I’m writing this in the final hours before I take Tony, my almost 15 year old Siamese cat, to the animal hospital to cross over to the Rainbow Bridge. I wrote about his illness and a bit about his history just over a week ago here. (If you are an animal lover and haven’t read it yet, I’d ask that you do because it contains a special message.) The past few days his condition rapidly deteriorated. He’s been pretty well catatonic for the past 24 hours. I’ll hold him a few minutes every hour, but at this point it seems more for my sake than for his. He doesn’t even look at me and has little awareness of what is going on.
In my previous post about him, I shared a bit about the special bond we have had but I wanted to share some additional memories of the good times with him. Although friends and acquaintances have been super, I’m feeling a bit out of sorts about how much I’ve talked about him the past couple of weeks. I mean – he is just a cat right? But Tony has been special. I have 3 other cats who I dearly love. I’ve had 3 others who I’ve lost. I’ve had dogs before I had cats. But none of them have been anything like Tony. When he’s gone, there will be this huge void that just can’t be replaced. No other animal can be Tony.
I remember several years ago, hearing about animal cloning. Even at the cost of millions of dollars, even then, I thought for more than a few minutes of how wonderful it would be to have Tony with me forever. But cloning is about genetics and not personality. Personality is what made Tony so incredibly special and no clone would ever be Tony.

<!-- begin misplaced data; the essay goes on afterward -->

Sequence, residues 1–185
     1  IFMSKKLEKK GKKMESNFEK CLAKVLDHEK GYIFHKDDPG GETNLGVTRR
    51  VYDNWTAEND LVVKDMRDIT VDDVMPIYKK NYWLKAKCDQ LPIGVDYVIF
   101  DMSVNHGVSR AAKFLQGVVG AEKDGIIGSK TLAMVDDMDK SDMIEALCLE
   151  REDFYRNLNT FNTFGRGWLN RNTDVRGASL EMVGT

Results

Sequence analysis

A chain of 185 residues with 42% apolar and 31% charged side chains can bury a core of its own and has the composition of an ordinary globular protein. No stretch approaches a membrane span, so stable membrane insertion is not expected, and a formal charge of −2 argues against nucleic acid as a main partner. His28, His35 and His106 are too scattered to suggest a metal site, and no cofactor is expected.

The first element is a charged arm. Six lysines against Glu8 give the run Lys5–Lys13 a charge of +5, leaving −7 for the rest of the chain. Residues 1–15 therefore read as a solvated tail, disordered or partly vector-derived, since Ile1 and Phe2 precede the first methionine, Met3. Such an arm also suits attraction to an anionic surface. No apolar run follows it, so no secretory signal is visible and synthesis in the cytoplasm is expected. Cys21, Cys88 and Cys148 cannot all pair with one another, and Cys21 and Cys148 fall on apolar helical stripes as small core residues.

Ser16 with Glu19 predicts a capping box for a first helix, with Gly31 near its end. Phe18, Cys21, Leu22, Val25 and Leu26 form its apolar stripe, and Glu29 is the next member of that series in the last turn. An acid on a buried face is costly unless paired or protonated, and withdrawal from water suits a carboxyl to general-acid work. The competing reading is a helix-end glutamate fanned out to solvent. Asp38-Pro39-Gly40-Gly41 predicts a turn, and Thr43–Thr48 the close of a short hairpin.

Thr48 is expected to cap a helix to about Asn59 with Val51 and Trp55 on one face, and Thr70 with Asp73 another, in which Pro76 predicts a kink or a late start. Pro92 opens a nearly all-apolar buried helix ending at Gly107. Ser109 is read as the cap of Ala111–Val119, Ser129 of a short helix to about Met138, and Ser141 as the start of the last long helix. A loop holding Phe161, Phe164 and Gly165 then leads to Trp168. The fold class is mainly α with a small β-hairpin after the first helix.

Tony As A Kitten
When we first got Tony, he was so tiny on his first trip to the vet, his weight didn’t register on the scale alone! The scale didn’t show weights below 1 kilogram. To find out his weight, he had to be weighed with Pina who was much larger than him. He was a little runt.
Like my other cats, when he was a kitten, the first month or so, he slept curled up against my chest. Since we got Pina at the same time (we had actually thought at first that they were biological siblings but we found out later that they weren’t), I actually had 2 kittens with me constantly.
Tony grew fast. He turned out to be a very husky Siamese. In my previous post on him, I wrote about his sickness when he was young. Other than that time and a couple of years ago when his teeth had to be extracted, he was always very active. He never lost the kitten playfulness. His weight peaked at around 17.5 pounds – very large for a Siamese – but since he was not sedentary, we weren’t concerned. He was just a big cat.
Tony and His Special Heart
Tony has always been very intuitive about how I am feeling. When I’ve been sad or upset about something, he was always quick to comfort me – even if I felt I didn’t need comforting. When he’d sit or lay with me, if I was sad, he had a habit of taking one of my hands between his two paws and looking at me intently. Even when he was sick, he did this many times with me.